Taking Time on the Mountaintop
Today’s gospel, the Transfiguration, transports me back in time to the hollers and hills of West Virginia…to Nazareth Farm, a “Catholic community…that transforms lives through a service-retreat experience” and provides home repair to poor and working class folks in the area. My first trip to Nazareth Farm was over two decades ago, as a high school student traveling with other youth from my diocese. Yet, Nazareth Farm is not just a place I’ve traveled to, but a home that lives deep in my bones.
Being at Nazareth Farm was liminal in a sense – the grittiness of life seemed distant, and yet the whole week was bursting with aliveness. So, it’s fitting that on the last day, the staff read the story of the Transfiguration. However, they provided instructions rather different than Jesus’s admonitions to Peter, James and John not to tell anyone about what they had seen. Rather, the closing call at the Farm is to bring the aliveness, fullness, and spirit found up on the mountain out to our different corners of the world.
I’m realizing that I could use some time on the mountain. For several years, I’ve been on a politicized path of embodiment and healing. While it’s been powerful, it’s also made me aware of how far I am from where I long to be. For instance, I’ve been sitting in the grief of what I wish to, but do not, embody currently. That is to say, I wish that I could better metabolize interpersonal conflict and tension, but in practice, it knocks me off center (for days…). I wish I had a deeply held sense of inherent dignity to return to. More often, I pursue perfection as the metric by which I measure my worth. As I navigate this healing journey, I feel like Sisyphus pushing the boulder up the hill – but the boulder is not falling backward onto me, the hill is just growing and the distance to travel increases.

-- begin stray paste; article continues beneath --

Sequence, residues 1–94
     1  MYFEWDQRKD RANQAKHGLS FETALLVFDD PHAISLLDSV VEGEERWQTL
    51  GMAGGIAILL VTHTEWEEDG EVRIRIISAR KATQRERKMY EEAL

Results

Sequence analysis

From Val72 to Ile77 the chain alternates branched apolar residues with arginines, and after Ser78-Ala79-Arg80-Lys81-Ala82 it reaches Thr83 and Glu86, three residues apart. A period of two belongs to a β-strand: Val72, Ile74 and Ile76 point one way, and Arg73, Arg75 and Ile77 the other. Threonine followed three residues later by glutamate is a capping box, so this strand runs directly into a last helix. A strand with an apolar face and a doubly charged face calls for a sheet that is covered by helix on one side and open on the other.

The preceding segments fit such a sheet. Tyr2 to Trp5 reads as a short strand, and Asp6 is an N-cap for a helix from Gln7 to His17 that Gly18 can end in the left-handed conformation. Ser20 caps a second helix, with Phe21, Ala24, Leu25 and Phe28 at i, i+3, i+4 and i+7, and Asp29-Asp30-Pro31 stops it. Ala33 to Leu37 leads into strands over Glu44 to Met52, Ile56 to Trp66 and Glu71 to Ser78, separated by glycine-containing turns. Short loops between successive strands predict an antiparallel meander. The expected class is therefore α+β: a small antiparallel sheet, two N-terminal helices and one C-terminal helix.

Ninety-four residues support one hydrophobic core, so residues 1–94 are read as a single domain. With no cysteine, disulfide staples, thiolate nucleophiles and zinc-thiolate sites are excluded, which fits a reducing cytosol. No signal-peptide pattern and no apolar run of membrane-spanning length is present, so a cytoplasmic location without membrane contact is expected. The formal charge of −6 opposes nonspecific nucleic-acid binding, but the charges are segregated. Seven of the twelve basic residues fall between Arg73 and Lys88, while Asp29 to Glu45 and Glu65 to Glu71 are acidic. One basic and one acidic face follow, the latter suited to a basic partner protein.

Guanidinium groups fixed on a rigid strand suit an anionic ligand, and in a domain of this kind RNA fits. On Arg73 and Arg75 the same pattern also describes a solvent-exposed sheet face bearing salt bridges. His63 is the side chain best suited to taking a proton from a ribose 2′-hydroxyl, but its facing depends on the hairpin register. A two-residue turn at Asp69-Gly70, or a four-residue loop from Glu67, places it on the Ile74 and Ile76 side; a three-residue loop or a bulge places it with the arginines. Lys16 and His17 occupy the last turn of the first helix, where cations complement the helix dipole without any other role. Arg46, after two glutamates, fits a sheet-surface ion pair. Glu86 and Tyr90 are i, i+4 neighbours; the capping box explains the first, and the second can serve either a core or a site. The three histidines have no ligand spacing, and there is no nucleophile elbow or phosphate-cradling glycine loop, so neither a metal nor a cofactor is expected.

Particularly in seasons of grief and grittiness, finding and creating liminal, mountain-top experiences seems vital. Peter, James and John descended the mountain into an unfolding story of loss and uncertainty. Perhaps Jesus brought them with him as an opportunity to be resourced and readied for the road ahead.
Indeed, that’s what the transfiguration has meant to me since my first trip to Nazareth Farm – the opportunity to be inspired and filled, so as to carry that aliveness into the messy and hard stuff. Of course, having a mountaintop experience does not need to be so literal (or involve traveling to West Virginia, though I highly recommend). There are those satisfying liminal spaces we can access through the day. Savoring the first sip of coffee in the morning. Standing outside as the sun rises or sets. Holding a loved one’s hand in reverent silence. I needed the reminder that today’s gospel provides: inexplicable and mysterious moments of resource do and must live alongside the grief and grit of our wild, beautiful lives.